12. 12. INTRODUCTION Pantaloon Retail (India) Limited (PRIL) was incorporated on October 12, 1987 asManz Wear Private Limited under the stewardship of Mr. Kishore Biyani. It wasconverted into a public limited company in September, 1991. PRIL set up its firstmenswear Pantaloon Shoppe outlet in 1993. The company‟s name was changed toPantaloon Retail (India) limited in 1999, when it made a fully fledged entry into the retailsegment through the Pantaloons Family Store. As India‟s leading retailer, Pantaloon Retail inspires trust through innovativeofferings, quality products and affordable prices that help customers achieve a betterquality of life every day. It serves customers in 85 cities and 60 rural locations across thecountry through over 15 million square feet of retail space. Pantaloon Retail is theflagship company of Future Group, India‟s retail pioneer catering to the entire Indianconsumption space. Through multiple retail formats, we connect a diverse and passionatecommunity of Indian buyers, sellers and businesses. The collective impact on business isstaggering: Around 220 million customers walk into our stores each year and chooseproducts and services supplied by over 30,000 small, medium and large entrepreneursand manufacturers from across India. This number is set to grow. It operates multipleretail formats in both the value and lifestyle segments of the Indian consumer marketincluding:Pantaloons - a chain of fashion Big Bazaar - a uniquely HomeTown - One- stopoutlets. Indian hypermarket chain. destination for every Indian home-owner.Food Bazaar - a supermarket Central - a chain of seamless Ezone - eZone brings tochain that blends the look and destination malls. you the latest in feel of Indian bazaars with electronics at the lowestmodern retail aspects like choice, prices.convenience and quality. Other formats include Brand Factory, Ethnicity, Planet Sports, aLL and more. 11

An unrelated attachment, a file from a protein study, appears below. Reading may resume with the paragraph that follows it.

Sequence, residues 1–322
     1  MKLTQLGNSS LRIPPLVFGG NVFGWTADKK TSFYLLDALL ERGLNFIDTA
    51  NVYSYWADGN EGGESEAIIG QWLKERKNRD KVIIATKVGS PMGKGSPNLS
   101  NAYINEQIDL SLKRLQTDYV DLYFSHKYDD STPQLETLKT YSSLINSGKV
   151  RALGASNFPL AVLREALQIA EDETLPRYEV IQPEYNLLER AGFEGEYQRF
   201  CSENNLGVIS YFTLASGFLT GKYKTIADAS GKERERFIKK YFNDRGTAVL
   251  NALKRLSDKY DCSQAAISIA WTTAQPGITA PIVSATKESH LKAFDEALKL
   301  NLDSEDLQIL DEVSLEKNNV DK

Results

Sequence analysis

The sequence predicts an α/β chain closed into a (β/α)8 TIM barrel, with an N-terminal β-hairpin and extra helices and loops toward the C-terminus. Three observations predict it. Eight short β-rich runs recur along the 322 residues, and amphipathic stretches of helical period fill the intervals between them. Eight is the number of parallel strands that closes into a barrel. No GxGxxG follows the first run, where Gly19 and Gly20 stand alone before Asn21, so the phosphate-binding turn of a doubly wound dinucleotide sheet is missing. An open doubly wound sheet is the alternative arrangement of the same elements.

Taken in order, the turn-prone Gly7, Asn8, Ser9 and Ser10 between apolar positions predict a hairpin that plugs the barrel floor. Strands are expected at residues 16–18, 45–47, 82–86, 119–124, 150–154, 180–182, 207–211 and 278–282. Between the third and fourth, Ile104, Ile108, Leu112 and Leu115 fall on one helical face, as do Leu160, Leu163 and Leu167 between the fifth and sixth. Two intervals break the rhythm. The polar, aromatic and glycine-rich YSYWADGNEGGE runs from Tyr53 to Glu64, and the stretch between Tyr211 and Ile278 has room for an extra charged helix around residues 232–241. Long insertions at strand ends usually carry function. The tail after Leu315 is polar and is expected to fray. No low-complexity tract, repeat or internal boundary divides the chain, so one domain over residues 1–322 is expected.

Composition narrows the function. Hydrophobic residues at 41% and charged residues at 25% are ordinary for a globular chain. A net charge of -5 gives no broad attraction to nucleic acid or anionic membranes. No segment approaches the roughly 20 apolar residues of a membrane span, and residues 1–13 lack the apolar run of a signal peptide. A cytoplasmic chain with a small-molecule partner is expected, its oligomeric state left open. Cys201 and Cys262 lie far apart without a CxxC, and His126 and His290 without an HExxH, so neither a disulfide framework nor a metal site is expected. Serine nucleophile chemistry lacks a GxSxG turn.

13. 13. As modern retail drives fresh demand and consumption in new categories, it‟sstrategy is based on a deep understanding of Indian consumers the products they want,and making these products available in every city in every store format. It is in line withits broad objective of being a catalyst in India‟s consumption-led growth and being apositive agent of change in the communities we serve. Future group continues to beIndia‟s leading multi-format retailer and a leader in sustainability and employmentopportunity. Through over 15 million square feet of retail space, we serve customers in85 cities and 60 rural locations across the country. Around 220 million customers walkinto stores each year. We employ 35,000 people directly from every section of oursociety.LEADERSHIP:“Modern retail will drive new demand, drive consumption in new categories and as retailers, we will have to play a major role and create demand for many new products.” --Mr.Kishore Biyani. (MD) Kishore Biyani is the Managing Director and the Group Chief Executive Officer of Future Group. Considered a pioneer of modern retail in India, Kishore‟s leadership has led Future Group‟s emergence as India‟s leading retailer operating multiple retail formats that cater to the entire basket of Indian consumers. Kishore Biyani led the company‟s foray into organized retail with the opening ofthe Pantaloons family store in 1997. This was followed in 2001 with the launch of BigBazaar, a uniquely Indian hypermarket format that democratized shopping in India. Itblends the look and feel of the Indian bazaar with aspects of modern retail like choice, 12